Editor's note: Will Cain, a CNN contributor who appears on "In the Arena" weekdays at 8 p.m. ET, is a media entrepreneur, small-business owner and host of "Off the Page" on NationalReview.com. Find him at email@example.com; or on Twitter
(CNN) -- In the last two days we learned again what we learned two weeks ago - and before that two months ago - and before that a little over two years ago. We'll learn it again in another two months. People are sexual deviants. Damn near all people.
Congressman Anthony Weiner has already admitted sending "check-me-out" pics through Twitter. Several women have claimed that he engaged in phone sex, "sexting" little "Haiku's" like, "ridiculous bulge in my shorts now. wanna see?" With all of this, he joins a long list of politicians caught in sex scandals. A list that includes:
• Former California Gov. Arnold Schwarzenegger, who fathered a love child with the maid while married
• Former North Carolina Sen. John Edwards who fathered a love child with a videographer while married
• Former New York Gov. Eliot Spitzer, who hired prostitutes
• Louisiana Sen. David Vitter, who hired prostitutes
• South Carolina Gov. Mark Sanford ,who had an extramarital affair with an Argentinean girlfriend
• Former New Jersey Gov. Jim McGreevey, who had an extramarital affair with an Israeli boyfriend
• Former Nevada Sen. John Ensign, who had an extramarital affair with a staffer's wife
• Former New York Rep. Chris Lee, who trolled for girls on Craigslist and sent shirtless muscle pics while married
• Former Florida Rep. Mark Foley, who sent instant messages to teenage boys working as congressional pages
You could add to that list names like Thomas Jefferson, Grover Cleveland, Warren Harding, FDR, Dwight Eisenhower, JFK, LBJ, Bill Clinton and your neighbor Frank. I can't help but laugh at the collective indignation we indulge with each new story.
Because here's the difference between these guys and your average cross-section of "normal" American men: When these guys get caught, you hear about it. Let me be clear, this isn't to excuse Weiner or any of these men, I'm just saying don't be so surprised, don't be so naive, and tread a little carefully with your moralizing.
You cannot imagine what the guy in the cubicle next to you is imagining.
The point is that if you rip back the covers on many people's thoughts and actions, you're going to find some shocking things. Is what Weiner did creepy? Yes. Is it unique? Deviant? I'm not so sure. A new book entitled "A Billion Wicked Thoughts: What the World's Largest Experiment Reveals about Human Desire" chronicles the work of two scientists who studied a massive trove of online sex-related search data to find out what people really want. The book reveals:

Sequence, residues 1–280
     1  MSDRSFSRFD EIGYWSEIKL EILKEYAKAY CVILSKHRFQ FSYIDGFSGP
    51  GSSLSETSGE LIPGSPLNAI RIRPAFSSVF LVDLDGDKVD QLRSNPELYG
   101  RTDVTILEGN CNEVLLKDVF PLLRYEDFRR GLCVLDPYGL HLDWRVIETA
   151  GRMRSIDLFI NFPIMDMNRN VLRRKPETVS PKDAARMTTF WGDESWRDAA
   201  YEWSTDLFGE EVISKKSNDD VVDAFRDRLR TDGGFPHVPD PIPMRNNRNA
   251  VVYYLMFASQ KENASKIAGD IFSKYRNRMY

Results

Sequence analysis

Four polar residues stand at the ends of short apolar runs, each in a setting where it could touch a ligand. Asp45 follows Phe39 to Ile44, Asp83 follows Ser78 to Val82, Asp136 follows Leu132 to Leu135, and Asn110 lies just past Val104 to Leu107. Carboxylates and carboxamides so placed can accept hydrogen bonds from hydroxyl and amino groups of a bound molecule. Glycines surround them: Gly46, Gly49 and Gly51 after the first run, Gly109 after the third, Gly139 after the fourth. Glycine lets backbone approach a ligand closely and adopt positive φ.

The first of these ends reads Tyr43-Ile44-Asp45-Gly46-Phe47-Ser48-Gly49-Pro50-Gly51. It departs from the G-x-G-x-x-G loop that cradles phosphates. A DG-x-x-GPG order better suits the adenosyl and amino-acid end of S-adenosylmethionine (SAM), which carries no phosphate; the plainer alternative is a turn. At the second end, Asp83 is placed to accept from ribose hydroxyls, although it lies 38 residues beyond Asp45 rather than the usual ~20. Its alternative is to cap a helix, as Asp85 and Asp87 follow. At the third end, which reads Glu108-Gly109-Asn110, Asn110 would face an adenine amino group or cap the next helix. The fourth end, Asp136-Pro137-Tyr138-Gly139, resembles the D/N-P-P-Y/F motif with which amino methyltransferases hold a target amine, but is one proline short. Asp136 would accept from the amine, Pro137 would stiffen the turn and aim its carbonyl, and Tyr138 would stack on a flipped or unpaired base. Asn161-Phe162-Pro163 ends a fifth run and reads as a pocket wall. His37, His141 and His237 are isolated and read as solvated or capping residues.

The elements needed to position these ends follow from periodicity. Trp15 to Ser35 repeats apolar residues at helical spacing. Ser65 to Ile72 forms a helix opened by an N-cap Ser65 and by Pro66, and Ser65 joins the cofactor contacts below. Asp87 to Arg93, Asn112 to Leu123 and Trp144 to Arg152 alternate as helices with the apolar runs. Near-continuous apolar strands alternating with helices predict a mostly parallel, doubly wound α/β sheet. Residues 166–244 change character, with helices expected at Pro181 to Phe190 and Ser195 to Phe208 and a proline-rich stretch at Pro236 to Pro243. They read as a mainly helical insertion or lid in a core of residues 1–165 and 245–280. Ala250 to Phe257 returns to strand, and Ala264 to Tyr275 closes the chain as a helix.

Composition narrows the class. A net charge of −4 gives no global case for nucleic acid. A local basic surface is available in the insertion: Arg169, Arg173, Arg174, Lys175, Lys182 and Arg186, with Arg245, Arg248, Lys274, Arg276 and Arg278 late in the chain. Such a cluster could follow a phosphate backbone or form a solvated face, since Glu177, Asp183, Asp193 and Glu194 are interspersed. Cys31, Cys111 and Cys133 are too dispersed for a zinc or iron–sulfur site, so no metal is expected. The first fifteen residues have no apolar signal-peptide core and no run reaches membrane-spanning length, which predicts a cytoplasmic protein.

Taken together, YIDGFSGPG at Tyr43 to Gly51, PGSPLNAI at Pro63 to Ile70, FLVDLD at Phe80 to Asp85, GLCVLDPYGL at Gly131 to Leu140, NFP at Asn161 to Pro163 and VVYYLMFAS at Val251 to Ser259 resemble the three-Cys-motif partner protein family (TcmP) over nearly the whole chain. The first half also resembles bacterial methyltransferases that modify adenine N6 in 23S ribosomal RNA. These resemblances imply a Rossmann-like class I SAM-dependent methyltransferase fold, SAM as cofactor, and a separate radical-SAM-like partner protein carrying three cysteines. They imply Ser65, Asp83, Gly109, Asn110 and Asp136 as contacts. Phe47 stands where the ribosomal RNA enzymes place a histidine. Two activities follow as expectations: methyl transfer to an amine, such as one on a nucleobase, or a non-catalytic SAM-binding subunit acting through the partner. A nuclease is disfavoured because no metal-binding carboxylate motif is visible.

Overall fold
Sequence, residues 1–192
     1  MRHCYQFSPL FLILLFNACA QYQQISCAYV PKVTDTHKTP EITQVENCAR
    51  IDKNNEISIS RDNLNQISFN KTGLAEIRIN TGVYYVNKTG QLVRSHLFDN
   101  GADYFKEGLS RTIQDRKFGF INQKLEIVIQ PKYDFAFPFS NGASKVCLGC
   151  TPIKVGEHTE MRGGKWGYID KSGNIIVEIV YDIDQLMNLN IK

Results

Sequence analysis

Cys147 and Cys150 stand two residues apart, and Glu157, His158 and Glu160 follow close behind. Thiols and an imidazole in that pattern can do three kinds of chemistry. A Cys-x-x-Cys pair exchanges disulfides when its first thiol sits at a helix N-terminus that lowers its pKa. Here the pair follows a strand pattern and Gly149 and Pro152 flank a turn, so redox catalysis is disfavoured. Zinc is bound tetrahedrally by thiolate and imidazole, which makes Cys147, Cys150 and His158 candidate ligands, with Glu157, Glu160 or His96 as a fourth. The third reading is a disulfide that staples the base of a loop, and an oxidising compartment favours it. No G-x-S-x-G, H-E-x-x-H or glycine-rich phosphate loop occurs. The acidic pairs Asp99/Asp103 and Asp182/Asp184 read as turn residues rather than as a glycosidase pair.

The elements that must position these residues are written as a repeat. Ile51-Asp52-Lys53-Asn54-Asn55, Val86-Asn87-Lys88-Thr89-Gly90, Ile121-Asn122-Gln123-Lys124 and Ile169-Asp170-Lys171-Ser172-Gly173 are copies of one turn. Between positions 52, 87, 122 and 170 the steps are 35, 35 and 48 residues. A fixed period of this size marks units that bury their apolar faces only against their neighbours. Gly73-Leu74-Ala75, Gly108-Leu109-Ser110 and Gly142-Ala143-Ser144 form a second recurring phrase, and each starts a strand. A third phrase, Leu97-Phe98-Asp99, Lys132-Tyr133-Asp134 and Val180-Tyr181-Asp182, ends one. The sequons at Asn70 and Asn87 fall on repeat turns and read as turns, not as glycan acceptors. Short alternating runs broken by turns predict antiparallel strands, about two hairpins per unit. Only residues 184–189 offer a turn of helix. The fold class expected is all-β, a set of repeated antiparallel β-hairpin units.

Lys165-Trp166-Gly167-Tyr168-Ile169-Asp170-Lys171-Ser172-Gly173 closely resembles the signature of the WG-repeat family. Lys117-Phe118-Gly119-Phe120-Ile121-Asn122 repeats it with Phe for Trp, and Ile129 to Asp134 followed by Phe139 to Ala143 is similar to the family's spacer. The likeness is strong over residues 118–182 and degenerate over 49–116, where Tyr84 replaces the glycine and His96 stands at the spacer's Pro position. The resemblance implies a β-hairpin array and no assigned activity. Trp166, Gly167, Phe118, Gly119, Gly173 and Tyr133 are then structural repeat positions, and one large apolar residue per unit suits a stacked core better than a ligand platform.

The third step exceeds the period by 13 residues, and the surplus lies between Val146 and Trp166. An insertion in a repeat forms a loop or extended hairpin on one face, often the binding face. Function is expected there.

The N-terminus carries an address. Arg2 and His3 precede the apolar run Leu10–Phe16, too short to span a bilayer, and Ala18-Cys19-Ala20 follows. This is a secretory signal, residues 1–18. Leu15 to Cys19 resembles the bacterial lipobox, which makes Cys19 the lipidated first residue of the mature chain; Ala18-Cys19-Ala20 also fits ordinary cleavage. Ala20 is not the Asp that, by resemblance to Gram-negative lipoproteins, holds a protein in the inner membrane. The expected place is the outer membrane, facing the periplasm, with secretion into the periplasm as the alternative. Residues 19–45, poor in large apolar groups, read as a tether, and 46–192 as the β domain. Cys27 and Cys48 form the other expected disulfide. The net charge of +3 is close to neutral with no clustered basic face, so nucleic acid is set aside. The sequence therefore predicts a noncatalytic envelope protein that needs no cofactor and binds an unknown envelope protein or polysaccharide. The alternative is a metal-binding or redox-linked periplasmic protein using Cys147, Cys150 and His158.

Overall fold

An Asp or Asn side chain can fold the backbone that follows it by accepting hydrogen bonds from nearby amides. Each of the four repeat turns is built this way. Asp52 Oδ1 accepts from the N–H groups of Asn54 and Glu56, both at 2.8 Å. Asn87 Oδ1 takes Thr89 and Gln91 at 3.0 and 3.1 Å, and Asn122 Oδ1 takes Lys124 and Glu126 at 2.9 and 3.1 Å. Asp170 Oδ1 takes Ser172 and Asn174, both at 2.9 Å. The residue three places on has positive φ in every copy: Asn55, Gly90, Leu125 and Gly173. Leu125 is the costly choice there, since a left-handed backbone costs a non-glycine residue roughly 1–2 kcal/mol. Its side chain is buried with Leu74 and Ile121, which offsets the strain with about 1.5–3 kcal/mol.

• Straight men enjoy a wider variety of erotica than imagined, including sites devoted to elderly women and transsexuals
• Straight men prefer heavy women to thin ones
• Straight men have a fascination with other men's penises
• Men fantasize about group sex far more than women and picture more men than women in the action
Combine these kinky revelations with findings that anywhere from 20% to 50% of people cheat and 15% of men have online sex, it gets hard to define what is "deviant." (If it's not obvious, I'm just laying the groundwork of rationalizations for the day my laundry is aired.)
All that said, I have the hardest time understanding Weiner. I mean, I think most guys -- even those committed to a faithful relationship with their wives -- can understand, without excusing, the fidelity issues of some of the men listed. But sending out pictures of your excited pants to women you've never met? I know Weiner's not the only one to do this; I just don't get it.
The best explanation came from some of my favorite radio guys on KTCK The Ticket in Dallas who I heard asking why so many dudes adopt the "Jersey-Shore look" ('roided up, tight T-shirt, jeans with designs on the pocket, chain, etc. etc.). One of the hosts noted that these clowns are almost always with hot girls. Their conclusion: it must work. That's why guys dress that way; it works. I have to come to a similar conclusion on Weiner: it must have worked.
In the end, what offends me more than Weiner's tweeting is that he's such a big fat liar. For a week this guy sat down in front of Wolf Blitzer, Luke Russert and others to spin an elaborately fabricated story about being hacked, painting himself as a victim. This alone should be enough for him to lose his job. By the way, if any of these girls are underage, which Weiner is not sure of right now, well, forget everything I've said.
Until then, we shouldn't so willingly live in a world of naïveté. Because it won't be much more than another two weeks or another two months until we hear another story like this. Who knows? It may be yours.
The opinions expressed in this commentary are solely those of Will Cain.